As wildfires become more frequent due to climate change and drier conditions, more of us and more of our communities are at risk for harm. Here is information to help you prepare and protect yourself and your family.
How does wildfire smoke affect air quality?
Wildfire smoke contributes greatly to poor air quality. Just like fossil fuel pollution from burning coal, oil, and gas, wildfires create hazardous gases and tiny particles of varying sizes (known as particulate matter, or PM10, PM2.5, PM0.1) that are harmful to breathe. Wildfire smoke also contains other toxins that come from burning buildings and chemical storage.
The smoke can travel to distant regions, carried by weather patterns and jet streams.
How does wildfire smoke affect our health?
The small particles in wildfire smoke are the most worrisome to our health. When we breathe them in, these particles can travel deep into the lungs and sometimes into the bloodstream.
The health effects of wildfire smoke include eye irritation, coughing, wheezing, and difficulty breathing. The smoke may also increase risk for respiratory infections like COVID-19. Other possible serious health effects include heart failure, heart attacks, and strokes.
Who needs to be especially careful?
Those most at risk from wildfire smoke include children, older adults, outdoor workers, and anyone who is pregnant or who has heart or lung conditions.
If you have a chronic health condition, talk to your doctor about how the smoke might affect you. Find out what symptoms should prompt medical attention or adjustment of your medications. This is especially important if you have lung problems or heart problems.
What can you do to prepare for wildfire emergencies?
If you live in an area threatened by wildfires, or where heat and dry conditions make them more likely to occur:
- Create an evacuation plan for your family before a wildfire occurs.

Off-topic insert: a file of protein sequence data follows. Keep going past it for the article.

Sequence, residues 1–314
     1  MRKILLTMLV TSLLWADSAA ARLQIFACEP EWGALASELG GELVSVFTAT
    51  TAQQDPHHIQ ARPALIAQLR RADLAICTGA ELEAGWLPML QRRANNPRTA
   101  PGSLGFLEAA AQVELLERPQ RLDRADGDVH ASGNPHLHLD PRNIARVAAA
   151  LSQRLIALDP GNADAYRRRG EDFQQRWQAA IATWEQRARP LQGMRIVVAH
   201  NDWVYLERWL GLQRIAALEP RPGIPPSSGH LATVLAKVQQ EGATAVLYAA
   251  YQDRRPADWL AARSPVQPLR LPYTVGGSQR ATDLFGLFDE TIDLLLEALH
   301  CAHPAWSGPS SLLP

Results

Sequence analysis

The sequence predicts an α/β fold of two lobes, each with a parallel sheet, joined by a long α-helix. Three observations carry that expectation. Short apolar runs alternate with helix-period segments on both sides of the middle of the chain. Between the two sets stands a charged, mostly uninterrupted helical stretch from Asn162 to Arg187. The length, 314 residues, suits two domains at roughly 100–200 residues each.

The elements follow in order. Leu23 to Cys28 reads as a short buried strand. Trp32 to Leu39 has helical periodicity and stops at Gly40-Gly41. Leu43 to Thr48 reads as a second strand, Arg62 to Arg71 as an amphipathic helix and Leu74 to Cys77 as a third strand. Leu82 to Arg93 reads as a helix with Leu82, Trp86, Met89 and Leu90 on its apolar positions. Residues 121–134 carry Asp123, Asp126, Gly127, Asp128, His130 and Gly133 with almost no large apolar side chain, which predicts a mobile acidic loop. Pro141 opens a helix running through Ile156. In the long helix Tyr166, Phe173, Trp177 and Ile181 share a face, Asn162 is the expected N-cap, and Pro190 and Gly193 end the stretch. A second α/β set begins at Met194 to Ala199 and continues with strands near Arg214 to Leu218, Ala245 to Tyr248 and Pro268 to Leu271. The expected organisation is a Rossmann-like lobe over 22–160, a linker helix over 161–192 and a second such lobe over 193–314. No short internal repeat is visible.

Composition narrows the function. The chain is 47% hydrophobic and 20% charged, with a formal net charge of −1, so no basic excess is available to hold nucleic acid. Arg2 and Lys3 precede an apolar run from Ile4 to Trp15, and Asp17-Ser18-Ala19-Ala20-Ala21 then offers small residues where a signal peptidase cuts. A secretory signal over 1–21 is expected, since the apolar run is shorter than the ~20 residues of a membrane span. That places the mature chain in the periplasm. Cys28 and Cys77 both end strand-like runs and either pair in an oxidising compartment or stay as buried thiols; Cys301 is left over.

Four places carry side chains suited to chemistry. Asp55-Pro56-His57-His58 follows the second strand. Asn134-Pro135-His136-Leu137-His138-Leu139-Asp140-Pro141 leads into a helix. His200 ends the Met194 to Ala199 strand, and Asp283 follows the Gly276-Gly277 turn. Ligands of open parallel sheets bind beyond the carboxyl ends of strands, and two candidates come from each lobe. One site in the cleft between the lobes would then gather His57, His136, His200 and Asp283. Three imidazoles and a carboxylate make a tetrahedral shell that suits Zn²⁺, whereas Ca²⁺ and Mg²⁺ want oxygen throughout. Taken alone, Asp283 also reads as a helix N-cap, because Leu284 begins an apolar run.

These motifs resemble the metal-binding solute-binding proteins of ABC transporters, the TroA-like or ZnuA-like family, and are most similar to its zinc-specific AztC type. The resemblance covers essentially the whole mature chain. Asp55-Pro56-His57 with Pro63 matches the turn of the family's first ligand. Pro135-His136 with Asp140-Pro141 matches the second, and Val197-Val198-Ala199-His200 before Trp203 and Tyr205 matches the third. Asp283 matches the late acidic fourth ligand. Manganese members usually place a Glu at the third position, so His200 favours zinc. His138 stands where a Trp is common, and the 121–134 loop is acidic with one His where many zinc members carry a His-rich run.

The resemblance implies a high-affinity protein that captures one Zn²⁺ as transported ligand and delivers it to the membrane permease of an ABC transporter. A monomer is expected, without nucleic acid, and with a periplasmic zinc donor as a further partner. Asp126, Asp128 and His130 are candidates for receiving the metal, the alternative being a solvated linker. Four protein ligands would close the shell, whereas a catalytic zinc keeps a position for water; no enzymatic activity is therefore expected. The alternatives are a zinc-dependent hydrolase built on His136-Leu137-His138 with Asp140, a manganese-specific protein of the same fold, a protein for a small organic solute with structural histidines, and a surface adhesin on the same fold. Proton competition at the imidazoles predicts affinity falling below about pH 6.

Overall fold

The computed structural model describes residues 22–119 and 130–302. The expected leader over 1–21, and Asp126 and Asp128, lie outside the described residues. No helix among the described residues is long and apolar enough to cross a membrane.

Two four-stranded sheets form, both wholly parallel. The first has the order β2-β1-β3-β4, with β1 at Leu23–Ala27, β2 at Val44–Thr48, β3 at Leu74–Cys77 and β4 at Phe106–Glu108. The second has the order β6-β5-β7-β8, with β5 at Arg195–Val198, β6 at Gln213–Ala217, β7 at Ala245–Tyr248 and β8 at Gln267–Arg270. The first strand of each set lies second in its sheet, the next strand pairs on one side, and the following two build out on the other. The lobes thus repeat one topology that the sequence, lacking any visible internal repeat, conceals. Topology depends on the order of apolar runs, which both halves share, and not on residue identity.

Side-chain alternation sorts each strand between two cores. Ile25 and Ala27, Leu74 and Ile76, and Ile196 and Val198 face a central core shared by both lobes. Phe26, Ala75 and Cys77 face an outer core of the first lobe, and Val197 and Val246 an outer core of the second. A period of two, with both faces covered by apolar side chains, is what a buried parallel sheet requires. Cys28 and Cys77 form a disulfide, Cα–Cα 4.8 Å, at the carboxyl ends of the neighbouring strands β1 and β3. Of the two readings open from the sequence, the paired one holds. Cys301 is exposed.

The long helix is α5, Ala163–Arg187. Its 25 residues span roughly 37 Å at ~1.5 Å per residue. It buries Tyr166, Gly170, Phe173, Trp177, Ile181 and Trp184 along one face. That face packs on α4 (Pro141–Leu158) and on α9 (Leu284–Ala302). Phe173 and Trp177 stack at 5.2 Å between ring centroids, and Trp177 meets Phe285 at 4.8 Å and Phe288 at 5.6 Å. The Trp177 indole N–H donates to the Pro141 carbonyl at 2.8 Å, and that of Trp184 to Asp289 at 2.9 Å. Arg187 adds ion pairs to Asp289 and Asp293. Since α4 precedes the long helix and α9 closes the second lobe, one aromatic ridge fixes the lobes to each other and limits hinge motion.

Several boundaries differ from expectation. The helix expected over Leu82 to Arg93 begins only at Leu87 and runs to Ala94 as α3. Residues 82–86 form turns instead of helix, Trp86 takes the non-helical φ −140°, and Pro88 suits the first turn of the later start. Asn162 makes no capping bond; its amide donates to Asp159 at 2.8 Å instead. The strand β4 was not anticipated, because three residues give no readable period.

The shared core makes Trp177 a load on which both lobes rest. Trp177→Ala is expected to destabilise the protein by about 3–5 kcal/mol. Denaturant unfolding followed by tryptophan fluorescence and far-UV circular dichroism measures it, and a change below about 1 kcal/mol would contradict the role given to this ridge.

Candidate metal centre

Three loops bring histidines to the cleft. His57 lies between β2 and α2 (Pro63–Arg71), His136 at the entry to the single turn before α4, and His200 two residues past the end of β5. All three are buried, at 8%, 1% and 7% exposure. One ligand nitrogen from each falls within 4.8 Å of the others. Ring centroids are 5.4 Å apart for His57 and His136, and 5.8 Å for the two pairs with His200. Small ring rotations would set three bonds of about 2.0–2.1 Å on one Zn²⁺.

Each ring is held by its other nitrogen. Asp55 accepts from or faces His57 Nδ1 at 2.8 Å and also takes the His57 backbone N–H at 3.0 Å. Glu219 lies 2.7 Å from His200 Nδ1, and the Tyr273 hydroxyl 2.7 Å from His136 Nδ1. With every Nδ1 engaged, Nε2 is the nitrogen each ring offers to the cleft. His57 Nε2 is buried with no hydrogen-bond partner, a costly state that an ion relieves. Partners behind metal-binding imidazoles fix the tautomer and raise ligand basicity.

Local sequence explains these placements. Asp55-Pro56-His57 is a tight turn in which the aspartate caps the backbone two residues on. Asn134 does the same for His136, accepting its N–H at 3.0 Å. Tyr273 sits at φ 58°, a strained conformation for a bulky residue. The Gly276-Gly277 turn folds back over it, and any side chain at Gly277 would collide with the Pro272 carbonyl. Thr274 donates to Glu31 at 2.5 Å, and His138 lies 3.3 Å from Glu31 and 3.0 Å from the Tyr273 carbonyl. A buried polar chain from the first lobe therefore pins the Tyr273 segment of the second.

- Make sure that you have several days on hand of medications, water, and food that doesn't need to be cooked. This will help if you need to leave suddenly due to a wildfire or another natural disaster.
- Regularly check this fire and smoke map, which shows current wildfire conditions and has links to state advisories.
- Follow alerts from local officials if you are in the region of an active fire.
What steps can you take to lower health risks during poor air quality days?
These six tips can help you stay healthy during wildfire smoke advisories and at other times when air quality is poor:
- Stay aware of air quality. AirNow.gov shares real-time air quality risk category for your area accompanied by activity guidance. When recommended, stay indoors, close doors, windows, and any outdoor air intake vents.
- Consider buying an air purifier. This is also important even when there are no regional wildfires if you live in a building that is in poor condition. See my prior post for tips about pollution and air purifiers. The EPA recommends avoiding air cleaners that generate ozone, which is also a pollutant.
- Understand your HVAC system if you have one. The quality and cleanliness of your filters counts, so choose high-efficiency filters if possible, and replace these as needed. It's also important to know if your system has outdoor air intake vents.
- Avoid creating indoor pollution. That means no smoking, no vacuuming, and no burning of products like candles or incense. Avoid frying foods or using gas stoves, especially if your stove is not well ventilated.
- Make a "clean room." Choose a room with fewer doors and windows. Run an air purifier that is the appropriate size for this room, especially if you are not using central AC to keep cool.
- Minimize outdoor time and wear a mask outside. Again, ensuring that you have several days of medications and food that doesn't need to be cooked will help. If you must go outdoors, minimize time and level of activity. A well-fitted N95 or KN95 mask or P100 respirator can help keep you from breathing in small particles floating in smoky air (note: automatic PDF download).
About the Author
Wynne Armand, MD, Contributor
Dr. Wynne Armand is a physician at Massachusetts General Hospital (MGH), where she provides primary care; an assistant professor in medicine at Harvard Medical School; and associate director of the MGH Center for the Environment and … See Full Bio View all posts by Wynne Armand, MD